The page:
The Environmental Protection Agency (EPA) should withdraw rules to limit carbon emissions from power plants because they will not survive a lawsuit, West Virginia's attorney general said Friday.
Attorney General Patrick Morrisey, a Republican, did not threaten a suit but predicted the courts would rule that EPA’s rule is illegal under the Clean Air Act, because power plant emissions are already federally regulated.
“In light of the profound legal infirmities with the proposed rule, EPA’s unprecedented policy will not survive judicial review,” Morrisey wrote Friday in his letter. “Failure to withdraw the proposed rule will only cause citizens, states, industry and environmental groups to waste valuable resources analyzing and commenting on a futile endeavor.”
Morrisey said section 111(d) of the Clean Air Act, which EPA used as justification for its June 2 proposal to reduce carbon dioxide emissions from power plants by 30 percent, actually prohibits the regulation, because other harmful pollutants from power plants are already limited.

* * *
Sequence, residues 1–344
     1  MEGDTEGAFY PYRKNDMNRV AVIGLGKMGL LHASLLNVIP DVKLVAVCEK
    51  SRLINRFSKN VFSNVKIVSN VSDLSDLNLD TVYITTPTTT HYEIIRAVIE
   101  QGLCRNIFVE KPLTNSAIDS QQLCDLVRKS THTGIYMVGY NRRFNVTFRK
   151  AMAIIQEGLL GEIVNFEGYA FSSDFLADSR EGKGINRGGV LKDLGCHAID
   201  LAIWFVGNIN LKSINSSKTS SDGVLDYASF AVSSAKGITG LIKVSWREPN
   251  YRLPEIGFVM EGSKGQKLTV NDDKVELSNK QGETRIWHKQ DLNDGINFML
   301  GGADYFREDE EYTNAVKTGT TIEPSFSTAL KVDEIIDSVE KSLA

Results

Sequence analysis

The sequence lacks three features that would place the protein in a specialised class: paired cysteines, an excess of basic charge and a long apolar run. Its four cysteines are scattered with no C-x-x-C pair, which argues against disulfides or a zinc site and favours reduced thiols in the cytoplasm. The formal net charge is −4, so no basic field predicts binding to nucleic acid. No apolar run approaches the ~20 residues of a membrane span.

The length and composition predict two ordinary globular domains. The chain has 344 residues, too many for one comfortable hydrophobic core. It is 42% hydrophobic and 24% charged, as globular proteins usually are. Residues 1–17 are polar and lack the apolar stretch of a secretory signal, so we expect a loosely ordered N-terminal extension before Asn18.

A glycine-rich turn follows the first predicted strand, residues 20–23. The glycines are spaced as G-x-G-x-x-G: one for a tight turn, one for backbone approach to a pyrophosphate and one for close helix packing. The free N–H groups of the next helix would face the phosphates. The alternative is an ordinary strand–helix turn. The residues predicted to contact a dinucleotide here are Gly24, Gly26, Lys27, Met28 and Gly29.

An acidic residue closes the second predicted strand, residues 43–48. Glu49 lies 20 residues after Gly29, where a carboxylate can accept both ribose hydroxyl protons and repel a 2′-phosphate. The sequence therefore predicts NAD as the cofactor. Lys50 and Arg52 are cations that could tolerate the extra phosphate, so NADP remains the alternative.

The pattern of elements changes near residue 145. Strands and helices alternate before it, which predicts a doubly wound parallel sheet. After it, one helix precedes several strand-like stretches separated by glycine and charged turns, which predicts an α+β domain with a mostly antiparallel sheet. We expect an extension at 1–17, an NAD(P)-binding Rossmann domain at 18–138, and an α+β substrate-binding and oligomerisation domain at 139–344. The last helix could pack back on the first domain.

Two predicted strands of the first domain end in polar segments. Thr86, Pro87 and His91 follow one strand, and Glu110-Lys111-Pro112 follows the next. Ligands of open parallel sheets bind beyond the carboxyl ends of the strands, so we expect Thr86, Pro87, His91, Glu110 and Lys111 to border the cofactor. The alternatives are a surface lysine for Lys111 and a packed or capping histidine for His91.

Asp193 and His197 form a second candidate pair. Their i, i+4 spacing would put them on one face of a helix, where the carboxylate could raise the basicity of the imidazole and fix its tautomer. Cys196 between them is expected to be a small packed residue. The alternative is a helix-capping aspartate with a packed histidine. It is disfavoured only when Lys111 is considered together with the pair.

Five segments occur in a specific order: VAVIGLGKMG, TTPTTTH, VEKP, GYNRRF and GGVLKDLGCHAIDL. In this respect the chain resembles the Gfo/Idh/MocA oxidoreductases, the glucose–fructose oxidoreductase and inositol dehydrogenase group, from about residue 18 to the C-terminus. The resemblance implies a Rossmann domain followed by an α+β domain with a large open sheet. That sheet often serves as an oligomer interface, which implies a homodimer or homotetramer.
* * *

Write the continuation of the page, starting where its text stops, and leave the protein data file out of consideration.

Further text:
“No matter how fervent the desire by some to advance the policies underlying these regulations, EPA cannot — and should not — do so at the expense of the rule of law.
Lawsuits against the rule cannot be filed until it is made final, which EPA plans to do in about a year.
Legal experts expect EPA to be sued over the rule, likely by the coal industry. While it allows states flexibility in how they meet EPA’s carbon reductions, that could be what causes a court to overturn it.
While states such as West Virginia might challenge the rule, Kentucky has already been working to cut carbon emissions from power plants, the New York Times reported.